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What Version of Microsoft Dynamics NAV Should I Use for This Database?

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Suppose you are walking down the street, a stranger quietly trades briefcases with you, and your new briefcase contains a Microsoft Dynamics NAV database inside of a SQL backup. The stranger slips off into the foggy night. This sort of thing happens to me all of the time, and then I am left with this database that I know nothing about. What version of NAV do I use to access it?

Rather than trying all of the NAV versions you have installed and clicking through all of the “would you like to upgrade” prompts, there is a better way to figure it out using SQL.

You are probably asking yourself, “Why not just ask the customer what version of NAV they are using?” Excellent point, but sometimes they don’t know, or they aren’t specific enough (2009 something). I find I have this issue when we are taking on a new customer that already has NAV installed. They ship us an external disk brick with the database, but we don’t have VPN access yet, so I can’t check the exact build number.

Besides – we get to use SQL to figure it out, and that is cool.

There have been a few blog articles posted about this topic in the past, but most of them were asking if there is a way to downgrade a NAV database after a user accidentally pointed a newer client at that database, and then did an upgrade. I’m not going to talk about forced downgrading, since that is a very bad idea – we’re just going to focus on figuring out which NAV client version you should use.

First, restore the database into SQL.

Using SQL Server Management Studio, open a new query window for this database.

Then run this cool little query:

select [databaseversionno] from [$ndo$dbproperty]

The table $ndo$property has some useful information in it…NONE OF WHICH YOU SHOULD EVER, EVER CHANGE unless you want to quickly and efficiently make NAV not work anymore. I do not know the specifics of what some fields are, like chartable or shadowpwd, but if you have database-specific licensing enabled, this table is where the NAV flf license file is stored.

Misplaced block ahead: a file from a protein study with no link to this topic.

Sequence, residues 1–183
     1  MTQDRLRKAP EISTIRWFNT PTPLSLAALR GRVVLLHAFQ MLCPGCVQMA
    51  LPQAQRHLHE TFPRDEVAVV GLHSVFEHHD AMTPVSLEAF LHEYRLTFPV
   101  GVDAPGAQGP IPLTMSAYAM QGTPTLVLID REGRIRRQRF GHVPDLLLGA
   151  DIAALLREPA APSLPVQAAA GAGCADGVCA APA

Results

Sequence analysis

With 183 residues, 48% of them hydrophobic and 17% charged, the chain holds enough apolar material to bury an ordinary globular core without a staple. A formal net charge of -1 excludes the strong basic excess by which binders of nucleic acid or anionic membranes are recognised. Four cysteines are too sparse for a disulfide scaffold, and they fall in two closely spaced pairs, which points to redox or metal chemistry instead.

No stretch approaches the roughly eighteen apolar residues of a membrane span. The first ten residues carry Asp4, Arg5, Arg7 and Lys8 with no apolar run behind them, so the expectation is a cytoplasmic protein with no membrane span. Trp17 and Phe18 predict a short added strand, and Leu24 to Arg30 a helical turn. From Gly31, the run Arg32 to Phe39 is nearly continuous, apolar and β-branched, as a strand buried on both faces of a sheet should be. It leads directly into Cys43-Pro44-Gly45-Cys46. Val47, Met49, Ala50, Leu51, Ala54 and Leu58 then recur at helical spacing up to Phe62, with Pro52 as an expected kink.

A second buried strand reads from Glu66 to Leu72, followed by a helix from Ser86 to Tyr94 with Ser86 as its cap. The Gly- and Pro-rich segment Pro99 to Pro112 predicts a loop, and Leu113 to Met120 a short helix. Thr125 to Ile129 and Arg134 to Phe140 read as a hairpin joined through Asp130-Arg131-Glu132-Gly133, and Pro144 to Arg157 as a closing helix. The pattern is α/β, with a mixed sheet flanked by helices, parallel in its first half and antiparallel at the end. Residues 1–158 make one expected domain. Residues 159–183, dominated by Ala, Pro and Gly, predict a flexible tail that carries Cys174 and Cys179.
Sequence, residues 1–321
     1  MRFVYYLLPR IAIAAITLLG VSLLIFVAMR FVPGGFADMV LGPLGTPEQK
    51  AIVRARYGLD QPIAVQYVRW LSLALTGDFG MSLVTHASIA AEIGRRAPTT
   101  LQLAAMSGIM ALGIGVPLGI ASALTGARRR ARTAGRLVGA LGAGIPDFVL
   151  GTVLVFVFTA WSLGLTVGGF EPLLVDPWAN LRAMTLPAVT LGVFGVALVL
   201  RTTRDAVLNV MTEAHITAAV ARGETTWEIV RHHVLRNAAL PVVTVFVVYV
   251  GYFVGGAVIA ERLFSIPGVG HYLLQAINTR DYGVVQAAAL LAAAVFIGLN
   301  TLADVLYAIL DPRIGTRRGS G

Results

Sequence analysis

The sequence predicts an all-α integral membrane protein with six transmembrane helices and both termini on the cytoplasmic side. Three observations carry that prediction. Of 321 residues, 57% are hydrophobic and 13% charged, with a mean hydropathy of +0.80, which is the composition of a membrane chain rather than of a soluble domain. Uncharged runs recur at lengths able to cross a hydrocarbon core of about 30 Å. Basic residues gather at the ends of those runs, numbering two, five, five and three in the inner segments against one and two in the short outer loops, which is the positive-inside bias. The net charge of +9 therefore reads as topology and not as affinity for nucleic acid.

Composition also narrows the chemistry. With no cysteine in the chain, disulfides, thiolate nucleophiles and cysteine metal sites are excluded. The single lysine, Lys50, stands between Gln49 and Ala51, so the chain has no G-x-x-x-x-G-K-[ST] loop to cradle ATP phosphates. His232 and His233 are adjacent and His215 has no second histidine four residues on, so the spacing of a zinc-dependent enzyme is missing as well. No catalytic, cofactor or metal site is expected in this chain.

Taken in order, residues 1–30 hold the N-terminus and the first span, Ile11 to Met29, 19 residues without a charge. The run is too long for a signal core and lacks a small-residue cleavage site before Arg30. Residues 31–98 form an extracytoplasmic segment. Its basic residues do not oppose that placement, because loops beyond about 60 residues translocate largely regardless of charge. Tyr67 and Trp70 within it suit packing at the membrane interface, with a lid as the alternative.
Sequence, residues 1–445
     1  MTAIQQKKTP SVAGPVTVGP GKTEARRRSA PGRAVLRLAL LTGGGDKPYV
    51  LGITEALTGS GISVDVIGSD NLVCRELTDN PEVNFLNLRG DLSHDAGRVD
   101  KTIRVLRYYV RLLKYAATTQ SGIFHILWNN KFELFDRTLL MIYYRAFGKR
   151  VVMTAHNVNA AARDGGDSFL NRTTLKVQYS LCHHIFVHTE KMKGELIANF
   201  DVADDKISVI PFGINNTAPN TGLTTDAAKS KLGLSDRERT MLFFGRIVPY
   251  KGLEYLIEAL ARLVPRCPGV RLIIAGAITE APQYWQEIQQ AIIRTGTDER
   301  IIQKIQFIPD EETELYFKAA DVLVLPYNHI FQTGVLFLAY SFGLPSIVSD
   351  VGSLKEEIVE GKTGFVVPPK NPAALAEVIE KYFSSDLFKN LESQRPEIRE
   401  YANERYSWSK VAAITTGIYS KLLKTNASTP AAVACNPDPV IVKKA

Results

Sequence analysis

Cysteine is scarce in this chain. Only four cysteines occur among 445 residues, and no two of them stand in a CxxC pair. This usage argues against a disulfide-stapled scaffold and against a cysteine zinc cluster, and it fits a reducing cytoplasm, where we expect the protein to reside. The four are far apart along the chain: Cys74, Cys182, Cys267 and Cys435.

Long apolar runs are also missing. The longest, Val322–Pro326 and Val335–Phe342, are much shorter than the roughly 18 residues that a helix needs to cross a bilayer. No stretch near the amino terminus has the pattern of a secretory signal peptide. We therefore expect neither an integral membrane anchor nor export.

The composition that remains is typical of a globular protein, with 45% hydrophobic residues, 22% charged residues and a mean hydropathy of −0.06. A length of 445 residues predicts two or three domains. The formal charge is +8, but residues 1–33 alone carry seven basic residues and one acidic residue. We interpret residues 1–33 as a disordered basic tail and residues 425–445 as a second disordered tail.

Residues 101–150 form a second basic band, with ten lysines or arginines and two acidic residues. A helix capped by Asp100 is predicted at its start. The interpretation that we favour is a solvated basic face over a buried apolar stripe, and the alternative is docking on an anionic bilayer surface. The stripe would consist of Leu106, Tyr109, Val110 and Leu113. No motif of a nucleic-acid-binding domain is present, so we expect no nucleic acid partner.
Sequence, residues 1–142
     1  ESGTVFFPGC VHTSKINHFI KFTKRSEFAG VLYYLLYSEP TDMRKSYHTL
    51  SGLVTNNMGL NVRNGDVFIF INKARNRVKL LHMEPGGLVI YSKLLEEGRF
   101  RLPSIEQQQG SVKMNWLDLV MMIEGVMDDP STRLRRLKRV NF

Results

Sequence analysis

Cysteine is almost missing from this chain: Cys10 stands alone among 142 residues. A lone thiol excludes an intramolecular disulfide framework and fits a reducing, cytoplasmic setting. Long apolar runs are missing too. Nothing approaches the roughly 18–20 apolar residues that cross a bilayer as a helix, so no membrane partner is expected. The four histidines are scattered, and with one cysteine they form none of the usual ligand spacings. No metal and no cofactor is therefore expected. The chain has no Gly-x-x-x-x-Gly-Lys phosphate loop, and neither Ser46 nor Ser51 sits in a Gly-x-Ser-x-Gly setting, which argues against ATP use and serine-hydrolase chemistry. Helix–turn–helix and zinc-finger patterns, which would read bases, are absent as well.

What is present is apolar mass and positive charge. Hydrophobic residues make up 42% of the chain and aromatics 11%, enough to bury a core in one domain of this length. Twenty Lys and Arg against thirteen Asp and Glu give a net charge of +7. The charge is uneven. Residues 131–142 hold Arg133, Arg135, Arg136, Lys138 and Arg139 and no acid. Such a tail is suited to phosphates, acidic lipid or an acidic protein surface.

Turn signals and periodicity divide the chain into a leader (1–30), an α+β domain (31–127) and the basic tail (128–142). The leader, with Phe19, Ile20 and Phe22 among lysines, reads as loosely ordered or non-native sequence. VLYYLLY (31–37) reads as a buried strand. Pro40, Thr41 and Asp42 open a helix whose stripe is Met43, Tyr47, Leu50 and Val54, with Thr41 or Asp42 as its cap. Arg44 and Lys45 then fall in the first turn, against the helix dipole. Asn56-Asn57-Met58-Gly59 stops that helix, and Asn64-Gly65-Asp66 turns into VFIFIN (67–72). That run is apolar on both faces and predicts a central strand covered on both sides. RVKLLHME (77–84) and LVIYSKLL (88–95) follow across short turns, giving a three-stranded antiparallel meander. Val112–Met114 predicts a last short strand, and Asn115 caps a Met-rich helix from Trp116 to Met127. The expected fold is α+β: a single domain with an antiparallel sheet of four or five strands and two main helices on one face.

We are interested in the field [databaseversionno]. This contains and integer that can be mapped to the specific version of NAV client. I do not have a complete list, but I was able to piece this together with some internet searching and by running this query against every database I currently have available. If you know of a version integer that I haven’t listed, please let me know and I’ll update this list. I have not included beta versions.

databaseversionno NAV Version



2.60A, 2.60B, 2.60C


2.60D, 2.60E, 2.60F




3.01, 3.01A, 3.01B


3.10, 3.10A






3.70 Hotfix 5


3.70 Hotfix 12


3.70 B




4.0 SP2




5.0 SP1


5.0 SP1 CU1


5.0 SP1 CU2


2009 RC1


2009R2 build 32012


2009R2 build 35179


2013 build 36919


2013R2 build 37221


2015 build 38798


2015 build 40938


2016 build 42815

Table 1. Database version field mapped to NAV version number.

The blog article, Version Check from forums, has lots of detail on the early versions of SQL-capable NAV and what the various database schema changes were.

Wasn’t that a lot simpler that hacking your way through hundreds of NAV client builds until you guessed the correct one? And you got to use your SQL-fu.

If you have any qestions about this topic or other development issues, contact ArcherPoint.

If you are interested in NAV development, check out our collection of NAV Development Blogs.

For step-by-step instructions on how to perform specific tasks in Microsoft Dynamics NAV, see our collection of How-To blogs.

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